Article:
Fall Appliance Maintenance

Fall Appliance Maintenance

Is there anything more frustrating than your washing machine breaking down in the middle of a cycle or your refrigerator dying in the middle of the night? Appliance repairs are not only inconvenient – and seem to only happen at the most inconvenient time – they can also be expensive. Fortunately, regular maintenance can help keep your appliances in good working order for years to come.

No one wants to deal with a broken device in the dead of winter… that’s why fall is the perfect time to do a quick check on all your appliances. Don’t worry, you don’t have to be a master mechanic; most of these maintenance tasks are easy to do on your own.

 

laundry

Laundry Room

Dryers need proper airflow in order to function. When the filter or exhaust is blocked, the heat buildup can cause a fire. Nearly 17,000 clothes fires are reported each year, according to the National Fire Protection Association. Keep your dryer from becoming a fire hazard by following these steps.

    • Unplug your dryer if it’s an electric model. If it’s a gas model, turn off the gas.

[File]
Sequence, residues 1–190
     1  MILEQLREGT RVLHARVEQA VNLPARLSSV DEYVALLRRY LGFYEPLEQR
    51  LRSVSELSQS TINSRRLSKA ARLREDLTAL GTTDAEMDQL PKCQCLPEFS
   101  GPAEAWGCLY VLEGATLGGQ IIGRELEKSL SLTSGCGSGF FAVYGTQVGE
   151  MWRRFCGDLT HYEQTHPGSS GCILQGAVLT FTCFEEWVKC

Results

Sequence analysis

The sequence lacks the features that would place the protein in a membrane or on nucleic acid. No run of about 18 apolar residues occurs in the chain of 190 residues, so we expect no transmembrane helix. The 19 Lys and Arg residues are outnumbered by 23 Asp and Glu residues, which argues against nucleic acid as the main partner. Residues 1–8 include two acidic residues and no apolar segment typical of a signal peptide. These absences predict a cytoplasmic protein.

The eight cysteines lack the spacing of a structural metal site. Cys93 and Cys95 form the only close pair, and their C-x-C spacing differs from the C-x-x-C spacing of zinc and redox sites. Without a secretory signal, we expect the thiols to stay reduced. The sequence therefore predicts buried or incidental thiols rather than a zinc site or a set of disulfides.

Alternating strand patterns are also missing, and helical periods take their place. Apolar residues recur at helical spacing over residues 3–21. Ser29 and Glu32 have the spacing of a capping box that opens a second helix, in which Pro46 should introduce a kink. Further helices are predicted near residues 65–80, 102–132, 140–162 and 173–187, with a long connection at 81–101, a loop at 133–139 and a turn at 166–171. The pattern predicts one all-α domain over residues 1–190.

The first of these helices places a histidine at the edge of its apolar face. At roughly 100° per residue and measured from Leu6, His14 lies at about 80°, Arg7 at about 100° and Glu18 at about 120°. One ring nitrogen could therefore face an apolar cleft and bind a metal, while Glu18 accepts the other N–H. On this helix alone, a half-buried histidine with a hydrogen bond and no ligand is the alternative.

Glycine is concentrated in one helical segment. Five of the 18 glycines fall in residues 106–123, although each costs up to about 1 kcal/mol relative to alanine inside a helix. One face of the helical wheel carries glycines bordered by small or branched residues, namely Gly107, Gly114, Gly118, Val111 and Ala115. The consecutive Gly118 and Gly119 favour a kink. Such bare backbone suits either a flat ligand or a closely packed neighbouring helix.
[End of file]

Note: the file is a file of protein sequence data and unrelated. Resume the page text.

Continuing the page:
• Pull the dryer away from the wall and detach the dryer duct, the flexible tube connected to the back of the dryer.
    • Vacuum inside the duct and in the vent.
    • Go outside your home and locate the exterior dryer vent. Remove the cover and vacuum in there as well.
    • If your dryer vent is a long one, and the vacuum doesn’t quite get at the lint, you can buy a dryer vent kit that has brushes and tools to get inside.
    • Inspect your duct for cracks or tears. If you see any, repair them with aluminum tape. (Do not use duct tape. Despite the name, duct tape does not work well with the heat of the dryer.)
    • Reattach the duct.
    • Remove the lint screen and vacuum in and around it. If it’s clogged, you can scrub it with warm, soapy water and then dry it with a towel before placing it back.
    • Find the moisture sensor. It’s usually a thin metal bar below the dryer door. Clean it with a cotton ball and rubbing alcohol.

 

Washers benefit from regular maintenance. Not only will this help avoid breakdowns, but also leaks which can cause major water damage to your home. Regular care also will keep your machine clean and your clothes smelling fresh.

    • Look for cracks, bulges, or leaks in your water hoses. That means you will need to replace them. Your owner’s manual also may recommend a timeframe for replacing hoses even if there is no damage.
    • Make sure your washer is at least four inches from the wall to prevent hoses from twisting.
    • Clean the lint collector, which is usually found near the center agitator tube or near the top of the machine.
    • If you have a front loader, wipe down the door and rubber gasket area.
    • Clean the soap scum buildup from your washing machine. Architectural Digest recommends this process using vinegar and baking soda.

 

kitchen

Kitchen

Dishwashers can build up debris over time which can cause odors. Doing a deep clean periodically can help keep things fresh.